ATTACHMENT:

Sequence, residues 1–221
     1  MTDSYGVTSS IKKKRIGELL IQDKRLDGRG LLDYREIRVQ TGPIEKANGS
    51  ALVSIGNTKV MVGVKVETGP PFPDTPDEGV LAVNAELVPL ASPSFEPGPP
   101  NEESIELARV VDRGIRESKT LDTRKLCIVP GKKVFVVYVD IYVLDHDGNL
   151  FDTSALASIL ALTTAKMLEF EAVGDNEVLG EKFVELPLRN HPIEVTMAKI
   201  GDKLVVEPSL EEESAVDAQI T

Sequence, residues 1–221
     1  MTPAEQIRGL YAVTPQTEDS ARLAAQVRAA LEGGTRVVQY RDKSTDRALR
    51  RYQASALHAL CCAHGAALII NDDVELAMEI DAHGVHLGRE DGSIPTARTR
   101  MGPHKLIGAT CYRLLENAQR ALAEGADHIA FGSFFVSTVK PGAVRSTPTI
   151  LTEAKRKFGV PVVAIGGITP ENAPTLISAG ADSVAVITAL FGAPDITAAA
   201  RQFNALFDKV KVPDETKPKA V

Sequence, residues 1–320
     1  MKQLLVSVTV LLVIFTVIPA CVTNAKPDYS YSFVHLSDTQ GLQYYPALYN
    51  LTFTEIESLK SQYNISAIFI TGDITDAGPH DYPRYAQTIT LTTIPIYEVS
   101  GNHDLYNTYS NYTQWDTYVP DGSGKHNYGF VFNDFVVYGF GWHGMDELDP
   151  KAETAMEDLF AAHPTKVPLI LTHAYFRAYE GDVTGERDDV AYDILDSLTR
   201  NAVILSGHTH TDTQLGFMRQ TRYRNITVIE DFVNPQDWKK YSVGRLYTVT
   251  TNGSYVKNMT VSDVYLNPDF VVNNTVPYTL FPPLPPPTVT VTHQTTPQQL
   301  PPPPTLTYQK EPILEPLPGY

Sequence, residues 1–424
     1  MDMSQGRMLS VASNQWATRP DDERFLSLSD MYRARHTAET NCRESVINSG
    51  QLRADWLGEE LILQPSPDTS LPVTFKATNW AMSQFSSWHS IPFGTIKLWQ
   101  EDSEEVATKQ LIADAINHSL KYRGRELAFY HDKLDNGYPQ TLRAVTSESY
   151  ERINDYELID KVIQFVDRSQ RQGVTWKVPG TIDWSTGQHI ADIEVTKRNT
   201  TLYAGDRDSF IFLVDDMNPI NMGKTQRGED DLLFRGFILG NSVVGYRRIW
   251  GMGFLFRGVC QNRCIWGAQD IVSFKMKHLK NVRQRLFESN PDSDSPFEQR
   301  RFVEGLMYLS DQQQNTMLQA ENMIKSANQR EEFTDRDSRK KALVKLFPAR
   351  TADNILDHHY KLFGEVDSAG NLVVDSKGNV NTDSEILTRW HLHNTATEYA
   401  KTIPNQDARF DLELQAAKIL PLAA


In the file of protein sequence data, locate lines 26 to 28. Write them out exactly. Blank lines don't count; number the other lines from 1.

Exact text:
   201  TLYAGDRDSF IFLVDDMNPI NMGKTQRGED DLLFRGFILG NSVVGYRRIW
   251  GMGFLFRGVC QNRCIWGAQD IVSFKMKHLK NVRQRLFESN PDSDSPFEQR
   301  RFVEGLMYLS DQQQNTMLQA ENMIKSANQR EEFTDRDSRK KALVKLFPAR